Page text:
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Re: Poisson equation with boundary conditions on rectangle
*To*: mathgroup at smc.vnet.net
*Subject*: [mg87318] Re: Poisson equation with boundary conditions on rectangle
*From*: Michael Debono <mdebono88 at gmail.com>
*Date*: Mon, 7 Apr 2008 05:19:18 -0400 (EDT)
*References*: <frvma1$i4d$1@smc.vnet.net>
On Mar 21, 7:58 am, Benjamin Hell <hell... at gmx.de> wrote:
> Hi,
> I'm currently trying to solve the following pde with rectangle boundary (I better already use mathematica code here):
>
> The equation (Poisson equation):
> D[u[y, z], y, y] + D[u[y, z], z, z] + 1 == 0
>
> The boundary conditions on the rectangle(y in [0,0.1] and z in [-0.4,0.4]):
> u[y, 0.4] == 0, u[y, -0.4] == 0, u[0, z] == 0,
> Derivative[1, 0][u][0.1, z] == 0
>
> I tried the following in mathematica:
> eqn = D[u[y, z], y, y] + D[u[y, z], z, z] + 1 == 0; //defining equation
> NDSolve[{eqn, u[y, 0.4] == 0, u[y, -0.4] == 0, u[0, z] == 0, Derivative[1, 0][u][0.1, z] == 0 }, u, {y, 0, 0.1}, {z, -0.4, 0.4}] //using NDSolve to solve the boundary problem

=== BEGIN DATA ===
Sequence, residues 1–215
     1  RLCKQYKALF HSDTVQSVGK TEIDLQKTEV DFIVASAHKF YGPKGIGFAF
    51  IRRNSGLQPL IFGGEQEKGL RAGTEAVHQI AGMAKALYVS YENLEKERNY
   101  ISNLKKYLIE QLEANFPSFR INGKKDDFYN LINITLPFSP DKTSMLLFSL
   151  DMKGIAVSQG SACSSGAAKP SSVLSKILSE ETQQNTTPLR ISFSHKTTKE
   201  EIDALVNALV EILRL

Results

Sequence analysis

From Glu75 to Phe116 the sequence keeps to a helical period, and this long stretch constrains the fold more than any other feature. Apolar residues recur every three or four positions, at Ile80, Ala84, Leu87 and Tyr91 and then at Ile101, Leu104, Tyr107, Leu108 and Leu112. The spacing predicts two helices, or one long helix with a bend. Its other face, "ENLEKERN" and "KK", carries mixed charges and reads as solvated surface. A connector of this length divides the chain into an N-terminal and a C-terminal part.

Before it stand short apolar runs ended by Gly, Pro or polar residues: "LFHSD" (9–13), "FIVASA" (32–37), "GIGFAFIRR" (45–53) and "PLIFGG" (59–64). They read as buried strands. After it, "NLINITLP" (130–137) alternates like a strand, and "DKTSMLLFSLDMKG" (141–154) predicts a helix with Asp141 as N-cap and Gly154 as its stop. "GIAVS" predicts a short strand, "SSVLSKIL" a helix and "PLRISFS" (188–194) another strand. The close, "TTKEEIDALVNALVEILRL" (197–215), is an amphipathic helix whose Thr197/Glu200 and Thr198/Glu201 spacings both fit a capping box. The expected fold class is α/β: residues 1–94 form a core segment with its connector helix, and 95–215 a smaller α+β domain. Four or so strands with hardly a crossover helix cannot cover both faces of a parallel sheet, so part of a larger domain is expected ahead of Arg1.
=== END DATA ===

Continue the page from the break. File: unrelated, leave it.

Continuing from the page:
>
> But, as you might guess, I get an error using NDSolve the way above: "NDSolve::ivone: Boundary values may only be specified for one independent variable. Initial values may only be specified at one value of the other independent variable."
> When I lookup the description of that error I realize that in my example the following error condition matches: "This input generates a message because the equations specify values for the solution on all sides of the solution region."
> Does this mean, that mathematica can't approximate the solution to my problem with NDSolve or am I doing something wrong?
> So overall question is: How can I solve my problem using mathematica without writing my own numerical pde solver for my problem?
>
> Thanks in advance!
I too have a problem like yours...I found this link which may help
you:
http://documents.wolfram.com/mathematica/Built-inFunctions/AdvancedDocumentation/LinearAlgebra/LinearAlgebraInMathematica/Examples/AdvancedDocumentationLinearAlgebra6.3.html
It uses a finite difference method..even tough I don't really know how
it works lol!
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